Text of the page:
Chayim wanted me to mention an interesting difference in our lifestyle here. That is that we don't have a car. We surely get enough exercise here! Only on occasion do we need to take a city bus. I've gotten used to taking both children out by myself. Depending on the situation, I have 4 ways of doing it: 1) pushing Hannah in her stroller and holding David's hand, 2) pushing David in his stroller, with Hannah in her front carrier, 3) holding David's hand with Hannah in the front carrier, and 4) stuffing them both in Hannah's stroller. It's a bit of a challenge at times, especially due to all the many hills, stone steps, and rugged stone pathways.
We hardly leave Tzfat. It's very uncomfortable for me-descending and ascending the winding, mountainous roads leading to and from Tzfat. But I like being "stuck" here. The mountain air is so fresh and pure. The view is so picturesque, with the layers of mountains and valleys off in the distance, beyond this ancient city. The sunsets are so strikingly beautiful-it's no wonder we chose Tzfat as our home.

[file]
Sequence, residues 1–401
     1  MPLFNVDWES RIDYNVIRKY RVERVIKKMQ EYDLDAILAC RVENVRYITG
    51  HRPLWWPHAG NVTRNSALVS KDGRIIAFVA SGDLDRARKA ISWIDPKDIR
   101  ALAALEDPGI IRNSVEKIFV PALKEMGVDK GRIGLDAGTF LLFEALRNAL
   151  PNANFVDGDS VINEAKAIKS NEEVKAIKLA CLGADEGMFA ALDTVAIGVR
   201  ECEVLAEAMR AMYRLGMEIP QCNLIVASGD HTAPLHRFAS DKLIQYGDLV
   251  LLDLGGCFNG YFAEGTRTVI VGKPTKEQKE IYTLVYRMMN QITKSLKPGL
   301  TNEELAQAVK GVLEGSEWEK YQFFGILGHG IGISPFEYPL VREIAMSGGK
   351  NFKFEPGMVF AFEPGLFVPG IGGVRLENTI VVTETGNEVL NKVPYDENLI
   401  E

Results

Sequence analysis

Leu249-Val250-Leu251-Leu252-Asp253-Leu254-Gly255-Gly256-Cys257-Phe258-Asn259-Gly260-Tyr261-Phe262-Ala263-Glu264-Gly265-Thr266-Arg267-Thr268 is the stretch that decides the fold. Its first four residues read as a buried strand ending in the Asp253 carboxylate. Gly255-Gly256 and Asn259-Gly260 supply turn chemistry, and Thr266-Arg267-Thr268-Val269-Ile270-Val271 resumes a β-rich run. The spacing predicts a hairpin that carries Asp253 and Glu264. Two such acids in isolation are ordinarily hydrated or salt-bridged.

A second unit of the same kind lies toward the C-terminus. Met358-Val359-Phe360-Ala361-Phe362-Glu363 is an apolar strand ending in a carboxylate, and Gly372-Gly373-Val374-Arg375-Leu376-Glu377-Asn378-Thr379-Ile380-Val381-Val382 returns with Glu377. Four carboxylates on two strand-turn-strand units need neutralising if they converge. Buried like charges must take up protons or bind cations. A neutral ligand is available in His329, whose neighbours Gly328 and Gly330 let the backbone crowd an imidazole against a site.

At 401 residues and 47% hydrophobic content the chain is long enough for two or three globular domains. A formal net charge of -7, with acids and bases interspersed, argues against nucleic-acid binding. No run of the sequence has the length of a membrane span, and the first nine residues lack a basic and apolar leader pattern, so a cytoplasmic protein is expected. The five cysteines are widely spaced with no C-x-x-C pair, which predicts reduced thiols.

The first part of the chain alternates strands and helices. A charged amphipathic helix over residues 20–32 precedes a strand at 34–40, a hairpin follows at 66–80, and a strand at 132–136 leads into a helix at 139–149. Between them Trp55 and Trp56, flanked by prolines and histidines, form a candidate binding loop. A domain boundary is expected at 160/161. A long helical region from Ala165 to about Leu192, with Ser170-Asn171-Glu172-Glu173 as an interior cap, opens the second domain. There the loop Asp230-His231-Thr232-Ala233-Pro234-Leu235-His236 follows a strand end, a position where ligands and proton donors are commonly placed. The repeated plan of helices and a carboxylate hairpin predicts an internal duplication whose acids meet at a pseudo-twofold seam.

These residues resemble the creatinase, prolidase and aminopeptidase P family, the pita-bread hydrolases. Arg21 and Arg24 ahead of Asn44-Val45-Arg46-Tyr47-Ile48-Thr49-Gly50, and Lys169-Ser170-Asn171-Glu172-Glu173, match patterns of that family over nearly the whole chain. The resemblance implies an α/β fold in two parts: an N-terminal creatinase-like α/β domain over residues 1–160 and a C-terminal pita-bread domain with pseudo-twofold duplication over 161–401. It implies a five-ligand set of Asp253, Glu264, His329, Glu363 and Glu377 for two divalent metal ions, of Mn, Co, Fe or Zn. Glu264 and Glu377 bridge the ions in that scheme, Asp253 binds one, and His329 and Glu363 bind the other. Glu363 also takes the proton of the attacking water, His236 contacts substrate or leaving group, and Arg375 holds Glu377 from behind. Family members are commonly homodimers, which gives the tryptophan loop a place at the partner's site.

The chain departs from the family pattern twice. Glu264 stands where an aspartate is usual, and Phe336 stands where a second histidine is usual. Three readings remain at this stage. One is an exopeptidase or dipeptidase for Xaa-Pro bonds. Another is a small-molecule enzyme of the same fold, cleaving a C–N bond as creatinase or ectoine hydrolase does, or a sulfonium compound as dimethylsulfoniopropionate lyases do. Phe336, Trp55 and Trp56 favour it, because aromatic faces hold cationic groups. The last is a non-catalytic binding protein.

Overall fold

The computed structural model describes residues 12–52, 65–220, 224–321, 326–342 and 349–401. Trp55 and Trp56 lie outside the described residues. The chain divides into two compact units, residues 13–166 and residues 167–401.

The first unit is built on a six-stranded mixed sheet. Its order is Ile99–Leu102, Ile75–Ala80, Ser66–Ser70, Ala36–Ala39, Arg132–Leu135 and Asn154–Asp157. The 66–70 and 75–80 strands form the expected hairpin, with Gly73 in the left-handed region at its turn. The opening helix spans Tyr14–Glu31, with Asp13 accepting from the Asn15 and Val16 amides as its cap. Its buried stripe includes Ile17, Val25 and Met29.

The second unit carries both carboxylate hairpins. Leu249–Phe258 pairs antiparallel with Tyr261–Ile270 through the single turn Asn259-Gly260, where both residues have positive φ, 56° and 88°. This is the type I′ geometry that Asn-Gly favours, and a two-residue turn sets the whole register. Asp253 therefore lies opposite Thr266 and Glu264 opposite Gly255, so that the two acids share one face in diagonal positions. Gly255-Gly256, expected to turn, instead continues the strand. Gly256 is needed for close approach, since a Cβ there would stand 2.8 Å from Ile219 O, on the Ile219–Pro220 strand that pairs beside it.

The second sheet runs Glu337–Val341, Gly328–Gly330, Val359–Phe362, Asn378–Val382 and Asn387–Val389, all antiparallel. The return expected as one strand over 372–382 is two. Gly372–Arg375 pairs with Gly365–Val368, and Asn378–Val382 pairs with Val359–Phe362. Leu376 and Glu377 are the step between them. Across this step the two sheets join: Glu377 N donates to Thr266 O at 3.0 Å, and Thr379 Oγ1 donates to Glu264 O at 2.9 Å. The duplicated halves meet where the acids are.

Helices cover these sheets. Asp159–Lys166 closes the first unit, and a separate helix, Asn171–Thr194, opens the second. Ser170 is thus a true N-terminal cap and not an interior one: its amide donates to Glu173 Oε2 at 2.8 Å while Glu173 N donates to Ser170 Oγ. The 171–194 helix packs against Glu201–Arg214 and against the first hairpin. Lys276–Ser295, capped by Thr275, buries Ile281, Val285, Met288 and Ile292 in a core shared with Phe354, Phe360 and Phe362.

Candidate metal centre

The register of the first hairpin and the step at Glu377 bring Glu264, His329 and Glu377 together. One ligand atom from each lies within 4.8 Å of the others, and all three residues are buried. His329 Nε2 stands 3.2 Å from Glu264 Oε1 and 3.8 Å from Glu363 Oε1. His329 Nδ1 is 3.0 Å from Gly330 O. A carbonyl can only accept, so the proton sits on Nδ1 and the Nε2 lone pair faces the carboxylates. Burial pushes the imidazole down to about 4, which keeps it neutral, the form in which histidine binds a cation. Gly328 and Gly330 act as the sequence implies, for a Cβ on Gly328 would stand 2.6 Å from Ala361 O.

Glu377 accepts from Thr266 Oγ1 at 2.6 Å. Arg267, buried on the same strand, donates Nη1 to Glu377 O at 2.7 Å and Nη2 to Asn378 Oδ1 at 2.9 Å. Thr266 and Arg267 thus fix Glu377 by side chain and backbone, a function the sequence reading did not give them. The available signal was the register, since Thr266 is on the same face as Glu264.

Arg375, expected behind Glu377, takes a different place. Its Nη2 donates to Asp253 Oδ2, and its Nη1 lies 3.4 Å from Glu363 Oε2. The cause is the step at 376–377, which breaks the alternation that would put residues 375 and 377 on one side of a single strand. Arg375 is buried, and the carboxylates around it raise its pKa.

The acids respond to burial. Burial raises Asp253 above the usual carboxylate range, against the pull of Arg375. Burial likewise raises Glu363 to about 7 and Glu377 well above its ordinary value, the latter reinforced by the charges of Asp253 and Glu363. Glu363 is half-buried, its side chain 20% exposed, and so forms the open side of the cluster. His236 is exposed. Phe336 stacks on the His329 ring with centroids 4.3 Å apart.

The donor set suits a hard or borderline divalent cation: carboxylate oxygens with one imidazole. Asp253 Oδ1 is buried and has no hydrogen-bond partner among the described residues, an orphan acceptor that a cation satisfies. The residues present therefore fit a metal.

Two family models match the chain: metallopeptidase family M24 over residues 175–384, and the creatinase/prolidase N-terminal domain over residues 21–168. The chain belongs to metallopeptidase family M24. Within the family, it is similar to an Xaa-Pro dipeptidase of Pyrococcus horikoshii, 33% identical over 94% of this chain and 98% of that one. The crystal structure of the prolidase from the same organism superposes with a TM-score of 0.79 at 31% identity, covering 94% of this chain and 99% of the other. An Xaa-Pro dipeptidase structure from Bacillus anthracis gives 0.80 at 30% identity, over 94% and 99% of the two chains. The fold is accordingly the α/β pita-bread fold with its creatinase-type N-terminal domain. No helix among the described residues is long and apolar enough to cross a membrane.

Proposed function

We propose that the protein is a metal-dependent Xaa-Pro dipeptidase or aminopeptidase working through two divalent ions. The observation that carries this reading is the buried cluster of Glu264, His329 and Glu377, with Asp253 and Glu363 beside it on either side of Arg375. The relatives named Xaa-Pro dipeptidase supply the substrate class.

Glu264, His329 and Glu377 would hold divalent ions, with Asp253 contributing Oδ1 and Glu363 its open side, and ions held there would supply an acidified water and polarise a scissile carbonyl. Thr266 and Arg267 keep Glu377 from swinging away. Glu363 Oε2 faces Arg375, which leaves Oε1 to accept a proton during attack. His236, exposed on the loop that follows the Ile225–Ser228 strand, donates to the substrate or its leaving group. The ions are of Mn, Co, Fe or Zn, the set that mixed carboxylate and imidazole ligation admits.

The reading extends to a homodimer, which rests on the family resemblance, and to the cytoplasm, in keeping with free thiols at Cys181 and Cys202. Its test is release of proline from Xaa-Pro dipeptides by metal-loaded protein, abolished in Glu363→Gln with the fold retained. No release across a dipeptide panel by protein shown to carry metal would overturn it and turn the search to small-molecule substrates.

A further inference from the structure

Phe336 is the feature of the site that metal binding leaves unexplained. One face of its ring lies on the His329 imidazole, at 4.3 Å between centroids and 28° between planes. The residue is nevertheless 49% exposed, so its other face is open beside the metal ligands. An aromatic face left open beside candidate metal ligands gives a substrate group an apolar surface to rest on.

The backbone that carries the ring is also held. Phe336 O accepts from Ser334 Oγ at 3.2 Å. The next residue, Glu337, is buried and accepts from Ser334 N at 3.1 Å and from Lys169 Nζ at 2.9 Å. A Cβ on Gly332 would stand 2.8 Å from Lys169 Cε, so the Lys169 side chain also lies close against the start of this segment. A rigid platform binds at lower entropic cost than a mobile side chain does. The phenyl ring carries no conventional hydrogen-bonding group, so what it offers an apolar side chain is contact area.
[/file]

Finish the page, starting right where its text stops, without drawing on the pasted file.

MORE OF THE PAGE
We have many good friends here, and the community continues to grow. Frequently, there are celebrations, get-togethers, lectures from out-of-town (and local) rabbis and rebbitzins, day trips, events for children, and events exclusively for women (i.e. parties, plays, and even a talent show last week).
An obvious drawback of being here is that we do miss our family and friends. Even in Alaska, long distance phone calls were not so outrageously expensive as here. It also doesn't look as if we will be able to make it back to the states any time soon.
But now, we have a guest room-so please come.
Simcha Layah, Chayim, David and Hannah